--. SHERLOCK is actually a GIRL'S NAME .--
I'm a sherlockian from CHILE, so I'm clueing for looks too. But english is not my first language, so will be a lot of mistakes here.
  • John:

    You could.

  • Sherlock:

    Because you chose her...

  • Magnussen:

    Look how you care about John Watson.

  • Sherlock:

    I don't have friends... I've just got one.

  • Lestrade:

    Because Sherlock Holmes is a great man, and I think one day—if we’re very very lucky—he might even be a good one.

  • Sherlock:

    Well, you're hardly going to need me around now that you've got a real baby on the way.

  • John:

    Do you just carry on talking when I'm away?

  • John:

    Well, we can't all three dance. There are limits!

  • Molly:

    You look sad when you think he can't see you.

  • Sherlock:

    Like I said, human error.

Reblogged from skulls-and-tea  174 notes

INTERVIEWER: The character of Sherlock Holmes is over 100 years old now. What would you say is the secret to the character’s success?

MOFFAT: I think there are two things that attracted me and Mark. Therefore I assume that’s the same thing, and one that we always talk about, and in a way this is the smaller thing: the achievable, explicable superpower. The deductions are thrilling. […]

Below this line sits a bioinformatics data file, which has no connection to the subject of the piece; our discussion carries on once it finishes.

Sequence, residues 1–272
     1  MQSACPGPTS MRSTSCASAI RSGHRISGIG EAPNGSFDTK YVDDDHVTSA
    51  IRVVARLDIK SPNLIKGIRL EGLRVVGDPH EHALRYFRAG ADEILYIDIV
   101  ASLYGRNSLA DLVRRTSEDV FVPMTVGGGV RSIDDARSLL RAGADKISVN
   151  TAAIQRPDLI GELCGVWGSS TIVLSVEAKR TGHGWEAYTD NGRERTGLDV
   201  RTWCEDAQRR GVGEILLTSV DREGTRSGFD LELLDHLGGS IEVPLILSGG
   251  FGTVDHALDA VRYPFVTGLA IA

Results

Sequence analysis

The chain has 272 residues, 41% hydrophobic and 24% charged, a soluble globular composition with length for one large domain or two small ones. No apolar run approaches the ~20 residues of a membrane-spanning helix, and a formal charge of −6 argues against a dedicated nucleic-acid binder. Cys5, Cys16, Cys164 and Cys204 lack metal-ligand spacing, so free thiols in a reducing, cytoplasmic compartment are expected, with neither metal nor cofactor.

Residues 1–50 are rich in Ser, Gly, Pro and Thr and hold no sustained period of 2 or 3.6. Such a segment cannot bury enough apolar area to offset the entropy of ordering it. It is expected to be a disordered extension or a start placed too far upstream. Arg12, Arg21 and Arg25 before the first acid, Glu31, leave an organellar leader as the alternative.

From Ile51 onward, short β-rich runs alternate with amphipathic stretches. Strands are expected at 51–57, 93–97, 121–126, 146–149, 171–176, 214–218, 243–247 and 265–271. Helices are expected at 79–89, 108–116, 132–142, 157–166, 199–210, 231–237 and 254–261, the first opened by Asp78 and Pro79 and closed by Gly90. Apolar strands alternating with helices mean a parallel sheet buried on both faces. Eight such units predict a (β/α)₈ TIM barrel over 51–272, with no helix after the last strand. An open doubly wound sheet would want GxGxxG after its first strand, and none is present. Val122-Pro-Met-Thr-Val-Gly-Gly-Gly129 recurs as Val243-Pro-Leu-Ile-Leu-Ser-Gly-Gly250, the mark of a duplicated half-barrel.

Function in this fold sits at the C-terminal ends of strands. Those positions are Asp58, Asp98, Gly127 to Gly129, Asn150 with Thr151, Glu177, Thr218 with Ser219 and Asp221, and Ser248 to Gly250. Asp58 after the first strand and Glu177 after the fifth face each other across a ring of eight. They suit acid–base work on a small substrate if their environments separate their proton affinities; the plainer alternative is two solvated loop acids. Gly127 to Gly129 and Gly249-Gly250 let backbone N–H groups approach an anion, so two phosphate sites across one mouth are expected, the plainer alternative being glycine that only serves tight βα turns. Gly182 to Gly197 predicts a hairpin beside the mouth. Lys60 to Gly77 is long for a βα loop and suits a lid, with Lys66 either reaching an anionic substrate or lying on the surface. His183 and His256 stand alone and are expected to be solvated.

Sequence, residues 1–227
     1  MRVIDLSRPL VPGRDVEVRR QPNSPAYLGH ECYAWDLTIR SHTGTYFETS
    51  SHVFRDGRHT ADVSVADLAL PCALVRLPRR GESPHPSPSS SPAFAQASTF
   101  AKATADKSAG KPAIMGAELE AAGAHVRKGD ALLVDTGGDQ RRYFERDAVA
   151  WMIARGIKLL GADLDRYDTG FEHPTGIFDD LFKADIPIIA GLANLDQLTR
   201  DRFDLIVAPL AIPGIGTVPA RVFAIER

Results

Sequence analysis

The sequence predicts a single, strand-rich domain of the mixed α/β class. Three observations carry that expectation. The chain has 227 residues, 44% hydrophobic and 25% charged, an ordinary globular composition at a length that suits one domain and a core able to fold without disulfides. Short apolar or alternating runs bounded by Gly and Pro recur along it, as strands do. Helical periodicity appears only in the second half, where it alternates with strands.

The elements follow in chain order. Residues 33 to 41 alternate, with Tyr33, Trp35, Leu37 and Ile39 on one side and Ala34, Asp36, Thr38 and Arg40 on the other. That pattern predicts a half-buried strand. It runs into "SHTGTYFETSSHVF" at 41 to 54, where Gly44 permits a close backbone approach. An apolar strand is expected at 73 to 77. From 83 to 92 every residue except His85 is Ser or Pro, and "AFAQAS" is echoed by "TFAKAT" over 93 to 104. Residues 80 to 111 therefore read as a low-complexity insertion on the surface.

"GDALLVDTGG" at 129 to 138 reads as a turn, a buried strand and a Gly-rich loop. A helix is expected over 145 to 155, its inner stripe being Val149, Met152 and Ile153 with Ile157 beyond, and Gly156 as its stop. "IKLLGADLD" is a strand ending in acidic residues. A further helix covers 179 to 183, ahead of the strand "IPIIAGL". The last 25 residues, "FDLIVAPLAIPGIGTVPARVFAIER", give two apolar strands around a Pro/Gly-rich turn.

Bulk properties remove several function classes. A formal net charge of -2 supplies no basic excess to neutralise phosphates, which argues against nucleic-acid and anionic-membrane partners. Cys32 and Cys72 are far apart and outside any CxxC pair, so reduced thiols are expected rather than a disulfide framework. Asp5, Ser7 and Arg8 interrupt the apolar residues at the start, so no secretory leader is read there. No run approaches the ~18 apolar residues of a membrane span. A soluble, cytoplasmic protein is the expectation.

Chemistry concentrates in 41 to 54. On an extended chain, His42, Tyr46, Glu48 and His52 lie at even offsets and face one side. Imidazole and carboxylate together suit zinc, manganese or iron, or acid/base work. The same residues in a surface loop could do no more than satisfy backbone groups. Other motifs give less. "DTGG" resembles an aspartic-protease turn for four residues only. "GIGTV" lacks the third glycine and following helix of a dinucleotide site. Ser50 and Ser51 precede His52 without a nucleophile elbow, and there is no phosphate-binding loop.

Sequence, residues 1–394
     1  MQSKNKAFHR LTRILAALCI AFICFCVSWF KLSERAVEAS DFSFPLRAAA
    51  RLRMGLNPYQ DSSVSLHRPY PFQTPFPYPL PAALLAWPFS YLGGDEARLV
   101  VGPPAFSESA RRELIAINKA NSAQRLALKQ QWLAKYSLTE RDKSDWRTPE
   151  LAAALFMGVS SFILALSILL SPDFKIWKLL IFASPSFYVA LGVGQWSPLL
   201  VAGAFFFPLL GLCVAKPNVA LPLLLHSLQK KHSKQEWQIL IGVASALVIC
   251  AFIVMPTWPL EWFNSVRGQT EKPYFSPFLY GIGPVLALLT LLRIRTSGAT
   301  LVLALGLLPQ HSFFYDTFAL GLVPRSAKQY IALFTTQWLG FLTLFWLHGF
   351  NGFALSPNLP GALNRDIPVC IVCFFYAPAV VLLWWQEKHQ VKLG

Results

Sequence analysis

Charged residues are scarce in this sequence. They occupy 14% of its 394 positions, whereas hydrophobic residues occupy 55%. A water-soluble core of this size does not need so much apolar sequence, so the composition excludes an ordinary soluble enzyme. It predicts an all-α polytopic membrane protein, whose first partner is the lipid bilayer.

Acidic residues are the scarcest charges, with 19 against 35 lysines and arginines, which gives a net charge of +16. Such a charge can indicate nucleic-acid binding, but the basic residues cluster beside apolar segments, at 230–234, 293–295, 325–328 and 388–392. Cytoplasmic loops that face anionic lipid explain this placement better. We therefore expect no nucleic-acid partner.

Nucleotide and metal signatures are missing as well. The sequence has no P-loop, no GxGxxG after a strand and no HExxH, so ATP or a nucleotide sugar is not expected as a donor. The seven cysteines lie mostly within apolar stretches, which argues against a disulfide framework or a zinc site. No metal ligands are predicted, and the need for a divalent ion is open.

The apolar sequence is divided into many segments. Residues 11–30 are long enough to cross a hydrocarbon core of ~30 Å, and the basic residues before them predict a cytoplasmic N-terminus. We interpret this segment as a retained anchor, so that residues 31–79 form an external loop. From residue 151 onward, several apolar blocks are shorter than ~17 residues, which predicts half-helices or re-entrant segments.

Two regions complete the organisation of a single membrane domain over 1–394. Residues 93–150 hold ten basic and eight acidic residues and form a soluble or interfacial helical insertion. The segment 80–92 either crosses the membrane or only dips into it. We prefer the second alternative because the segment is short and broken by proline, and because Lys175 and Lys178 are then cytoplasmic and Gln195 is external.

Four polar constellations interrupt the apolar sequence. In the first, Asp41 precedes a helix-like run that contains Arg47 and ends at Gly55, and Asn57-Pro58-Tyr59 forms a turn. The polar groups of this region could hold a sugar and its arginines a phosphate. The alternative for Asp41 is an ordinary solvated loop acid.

The other thing — and this is probably the surface glitter that draws you in — but the heart and the soul of it isn’t just Sherlock Holmes. That’s really, really important. It’s the friendship between Sherlock Holmes and Doctor Watson. The best friendship ever depicted in fiction.

Partly because it’s a male friendship and men don’t talk about being friends, and [Sherlock and John] don’t, ever. They never actually say it. They never say, ‘Oh gosh, we’re really good pals, where are we going to go with this relationship?!’ They’re blokes. They never mention it again.

There’s one moment of affection expressed by Sherlock Holmes in a late era story [The Adventure of the Three Garridebs] and he thinks Watson is dead.

That’s how male friendship works: you make it known when you think they’re about to die.

That story, and that male friendship, it runs throughout the story, and you fall in love—not with Sherlock Holmes, who’s a difficult man. [And] not with Doctor Watson—who, oddly enough, can be a difficult man too; a sort of washed-up war hero …

[You fall in love] with the fact that they adore each other. These two extraordinary, brilliant opposites, who have a simple uncomplicated mutual affection that happened instantly, and remained unchanged over decades, and was never discussed at all.

That’s what people genuinely fall in love with. You cannot discuss Sherlock Holmes without discussing Doctor Watson.

The two of them are an absolute unit. By

Steven Moffat

(Monsters and Critics interview, October 2010 [x])

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